Residential Schools

The remains of 215 Indigenous children were found at Kamloops Indian Residential School this past week. Every child found was a brother, sister, daughter, son, grandchild, and important member of their family. Every child found loved and was loved by their family. Every child found was taken from their home and stripped of their culture and dignity. Tk’emlúps te Secwépemc First Nation is working with the coroner’s office to determine the causes and timings of their deaths, which is currently unknown. What is known, is that no one from the school, community or government documented these deaths. It is a grave reminder that many people knew the horrors of abuse and disease that was going on at residential schools across Canada and no one stopped it. Not a member of the community, the government, a chief medical officer, a teacher or mayor stepped in to stop this horrifying situation for 150, 000 innocent children and their families. It is imperative that we share these stories so every student in Ontario knows this history and can become an advocate for Indigenous rights in Canada.

A couple of years ago, I was sitting at an outdoor theatre with my aunt watching Charlottetown’s Confederation “Centre Young Company” perform a musical that told stories from all around Canada. At the conclusion of the performance, my aunt turned to me with a surprised look on her face and said, “I didn’t know that happened.” She was referring to the powerful song, written and performed by a very talented young man from Nunavut who spoke of the intergenerational trauma of residential schools. I was incredibly surprised that my aunt had not been aware of the cultural genocide that happened at residential schools but soon realized that through conversation that she was never taught it in school and had never heard about it in other areas of her life. As our conversation continued, I saw the transformation in thoughts about our Indigenous peoples as education and the arts can do.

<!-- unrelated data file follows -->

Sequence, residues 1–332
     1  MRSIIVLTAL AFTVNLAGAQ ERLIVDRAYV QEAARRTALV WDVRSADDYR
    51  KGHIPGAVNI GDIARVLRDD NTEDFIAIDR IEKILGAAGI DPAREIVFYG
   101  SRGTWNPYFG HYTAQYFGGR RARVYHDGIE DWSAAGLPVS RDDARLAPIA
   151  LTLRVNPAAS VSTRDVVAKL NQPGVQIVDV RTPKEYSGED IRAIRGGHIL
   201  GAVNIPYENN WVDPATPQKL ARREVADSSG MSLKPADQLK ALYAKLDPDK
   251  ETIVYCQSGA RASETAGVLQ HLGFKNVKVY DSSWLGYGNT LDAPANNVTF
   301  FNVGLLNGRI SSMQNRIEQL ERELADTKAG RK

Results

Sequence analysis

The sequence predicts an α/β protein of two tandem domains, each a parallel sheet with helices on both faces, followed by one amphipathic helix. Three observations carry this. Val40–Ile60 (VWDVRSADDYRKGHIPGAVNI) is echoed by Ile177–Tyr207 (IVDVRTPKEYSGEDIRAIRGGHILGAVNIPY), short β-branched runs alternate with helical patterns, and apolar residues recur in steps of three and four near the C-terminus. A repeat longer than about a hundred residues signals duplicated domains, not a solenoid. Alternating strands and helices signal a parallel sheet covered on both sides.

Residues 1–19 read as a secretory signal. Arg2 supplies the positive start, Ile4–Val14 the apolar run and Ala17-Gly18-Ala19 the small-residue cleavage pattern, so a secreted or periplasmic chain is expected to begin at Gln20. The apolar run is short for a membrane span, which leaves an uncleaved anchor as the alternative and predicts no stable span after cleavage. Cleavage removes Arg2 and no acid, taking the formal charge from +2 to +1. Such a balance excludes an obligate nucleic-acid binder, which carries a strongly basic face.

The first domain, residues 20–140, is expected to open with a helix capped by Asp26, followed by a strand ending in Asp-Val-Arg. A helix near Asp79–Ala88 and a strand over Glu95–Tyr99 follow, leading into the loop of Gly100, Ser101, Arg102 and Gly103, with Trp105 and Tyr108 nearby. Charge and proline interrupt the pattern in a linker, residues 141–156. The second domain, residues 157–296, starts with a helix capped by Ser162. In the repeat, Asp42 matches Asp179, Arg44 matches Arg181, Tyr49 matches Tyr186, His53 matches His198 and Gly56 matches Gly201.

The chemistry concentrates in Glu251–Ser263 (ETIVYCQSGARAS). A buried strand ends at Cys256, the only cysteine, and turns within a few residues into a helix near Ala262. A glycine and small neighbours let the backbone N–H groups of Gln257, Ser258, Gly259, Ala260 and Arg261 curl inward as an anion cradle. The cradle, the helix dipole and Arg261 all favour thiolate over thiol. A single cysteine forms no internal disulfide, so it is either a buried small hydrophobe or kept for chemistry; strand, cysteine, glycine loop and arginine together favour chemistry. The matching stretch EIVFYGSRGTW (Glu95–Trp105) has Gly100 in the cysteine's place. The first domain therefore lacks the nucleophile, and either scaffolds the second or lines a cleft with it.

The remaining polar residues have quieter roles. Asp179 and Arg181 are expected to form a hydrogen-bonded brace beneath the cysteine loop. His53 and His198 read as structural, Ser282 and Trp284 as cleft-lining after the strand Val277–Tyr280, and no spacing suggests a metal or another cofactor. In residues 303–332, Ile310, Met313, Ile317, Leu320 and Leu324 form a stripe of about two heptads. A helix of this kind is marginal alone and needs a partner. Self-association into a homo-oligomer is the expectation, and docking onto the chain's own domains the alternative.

As educators, it is imperative that we do not have more children graduate from our schools not knowing the harm that was caused by residential schools and the history of Colonialism which is still very much ingrained in our current educational and child welfare systems in Canada.

To support teaching about residential schools, there is a Bookstore in Toronto called GoodMinds. This bookstore is First Nations owned and operated. Below, I have highlighted different books that can introduce and continue to tell the horrific history of residential schools in Canada. It is important as educators that we are teaching our students that as settlers, we all have a responsibility to learn the history and advocate for our Indigenous peoples.


Primary:

When We Were Alone/Quand on était seuls by David A. Robertson and Julie Flett

This book is a very gentle introduction to the concept of residential schools that can be read to children as young as Kindergarten. The young girl asks her grandmother, Kokum,  about her brightly coloured dresses, long braided hair, Cree language, and about the times when she was a young girl. Kokum tells her about her experiences attending a residential school for a number of years as a child in a way that her granddaughter can understand.

Shi-Shi-etko/Shi-Shi-etko by Nicola I. Campbell